The individual traits of people for writing attractive phrases

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The individual traits of people for writing attractive phrases

Category: Coursework

Subcategory: Classic English Literature

Level: College

Pages: 2

Words: 550

Many authors use the individual traits of people to write attractive phrases. In such a situation, these features encompass what the character or primary person does in his dialogue. It also happens that writers or authors also base majorly on what a person does to write their material. However, some could depend on what is told to them by the omniscient narrators, and also some authors could also write according to what is told about another character. (Gilman, 1990). All those ideas are built up to make stories, humorous, and exciting to the readers. However, it is a question of interest to know how the author develops the character used in the story given in the “Yellow Wallpaper.” Perhaps the character was developed from the behavior or the physical description. It is, of course, confident that the author could have developed the character basing on its notion basing on the dialogue. An example of character development is observed when the author narrates “John laughs at me, but one expects that in marriage.” The simplicity of the phrase gives us an insight into how the character has for long withstood critics from others by laughing at him. It, therefore, gives an author a momentum to use the phrase in character narrations to describe what the character experiences in his marriage. (Gilman, 1990).

The passage that portrays more on the physical deeds or actions without comprising the physical details talks much about John. Think John is developed as an indirect character in the text. It should be in our consideration that authors and writers use indirect and direct characterization in building or developing characters. For instance, direct characterization is explained as a moment in which a narrator conveys information to the book lover about a personality. For example, the author using particular adjectives that best describe the character, and what he does would be termed as direct characterization. It is, therefore, sure that the author developed the characters in the yellow wallpaper from the following. The Narrator is a paradox in the context because it is observed that she loses touch with the external world. The narrator lately comes to an understanding of her inner reality. It is important to understand the inner and outer split of the narrator because it gives us some of the problems she faces. It also happens that she is confronted with different situations, relationships, and objects that make her life seem miserable. In a sense, the conditions seem bizarre and quite repressive. It is sure that “The Yellow paper” is just a narrator’s way to address the extent at which her outer situation smothers her inside inclinations.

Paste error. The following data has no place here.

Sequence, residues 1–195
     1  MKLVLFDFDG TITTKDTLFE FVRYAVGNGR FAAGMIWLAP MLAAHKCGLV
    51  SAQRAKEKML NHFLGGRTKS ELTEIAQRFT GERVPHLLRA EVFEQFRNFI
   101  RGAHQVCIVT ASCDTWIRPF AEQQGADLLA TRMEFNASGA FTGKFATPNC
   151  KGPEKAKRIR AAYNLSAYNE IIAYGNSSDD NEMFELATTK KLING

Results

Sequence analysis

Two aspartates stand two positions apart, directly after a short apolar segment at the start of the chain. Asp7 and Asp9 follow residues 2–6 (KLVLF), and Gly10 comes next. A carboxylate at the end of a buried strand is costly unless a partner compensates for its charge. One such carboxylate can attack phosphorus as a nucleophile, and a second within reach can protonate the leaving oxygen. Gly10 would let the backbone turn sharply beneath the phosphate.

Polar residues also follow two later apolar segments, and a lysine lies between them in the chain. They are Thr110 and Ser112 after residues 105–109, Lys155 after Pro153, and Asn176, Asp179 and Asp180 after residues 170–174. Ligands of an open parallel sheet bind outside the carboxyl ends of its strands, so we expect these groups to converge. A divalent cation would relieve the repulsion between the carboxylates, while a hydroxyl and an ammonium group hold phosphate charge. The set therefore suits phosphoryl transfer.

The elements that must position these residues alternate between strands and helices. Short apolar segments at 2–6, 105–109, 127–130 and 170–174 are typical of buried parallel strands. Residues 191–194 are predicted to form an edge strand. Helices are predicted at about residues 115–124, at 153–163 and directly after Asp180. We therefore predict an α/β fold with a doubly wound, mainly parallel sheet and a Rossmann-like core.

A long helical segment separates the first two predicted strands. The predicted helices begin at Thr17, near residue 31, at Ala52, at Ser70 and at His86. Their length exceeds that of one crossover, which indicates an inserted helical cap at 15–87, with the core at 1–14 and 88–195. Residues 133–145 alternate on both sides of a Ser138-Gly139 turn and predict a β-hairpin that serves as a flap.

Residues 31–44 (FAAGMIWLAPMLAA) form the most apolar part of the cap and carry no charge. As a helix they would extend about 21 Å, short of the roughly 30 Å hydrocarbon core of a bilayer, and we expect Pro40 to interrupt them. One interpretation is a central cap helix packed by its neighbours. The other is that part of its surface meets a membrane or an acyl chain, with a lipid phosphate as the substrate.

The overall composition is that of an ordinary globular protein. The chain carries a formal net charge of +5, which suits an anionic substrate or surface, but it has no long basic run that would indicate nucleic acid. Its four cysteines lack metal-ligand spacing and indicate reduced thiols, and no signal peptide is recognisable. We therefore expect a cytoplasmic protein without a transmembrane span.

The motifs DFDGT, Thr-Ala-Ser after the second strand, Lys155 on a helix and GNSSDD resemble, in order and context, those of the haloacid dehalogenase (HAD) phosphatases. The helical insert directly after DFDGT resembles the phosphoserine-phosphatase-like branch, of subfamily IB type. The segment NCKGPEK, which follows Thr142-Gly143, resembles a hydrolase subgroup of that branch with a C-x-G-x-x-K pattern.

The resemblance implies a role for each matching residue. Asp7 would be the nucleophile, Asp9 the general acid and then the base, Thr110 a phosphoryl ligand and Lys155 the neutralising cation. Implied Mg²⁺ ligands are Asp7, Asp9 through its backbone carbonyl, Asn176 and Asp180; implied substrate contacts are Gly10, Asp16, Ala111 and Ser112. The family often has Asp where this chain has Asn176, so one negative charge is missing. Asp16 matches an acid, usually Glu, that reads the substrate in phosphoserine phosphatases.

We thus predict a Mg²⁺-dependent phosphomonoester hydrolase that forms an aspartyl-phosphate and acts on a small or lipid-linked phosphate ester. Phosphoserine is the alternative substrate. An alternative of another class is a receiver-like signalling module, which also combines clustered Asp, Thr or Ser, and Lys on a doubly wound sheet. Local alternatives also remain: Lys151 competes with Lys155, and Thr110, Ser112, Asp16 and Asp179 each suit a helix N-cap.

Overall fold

John as a character in “The Yellow Wallpaper” is observed to be an enemy. In the story, we cannot see John as totally evil. However, his treatment of the narrator is terribly merciless but in actual insight John was just trying to help. The author uses John’s context to build up a character that could simplify problems by seeing a critique. John was not attempting to make the narrator’s situation better not making it worse, and that is why the author develops a character out of John. However, John’s problem is being self-encompassing in a way that he has to joint role as a narrator’s doctor and husband. John is so confident of the wife’s troubles thus forcing her to hide some opinions that make not to express some feelings.

In conclusion, different authors use different characterizations to develop characters in their texts. In such a situation, Charlotte Perkins Gilman uses the narrator’s position to show a woman stuck in the Wallpaper. He also expounds on that to express how other women are forced to slink and hide in their domestic patterns. However, John is a character developed that to represent a husband that knows her wife partially. John misses the inner reality of her wife, and such ignorance makes John a villain.

References:
Gilman, C. P. (1990). The yellow wallpaper. Champaign, IL: Project Gutenberg.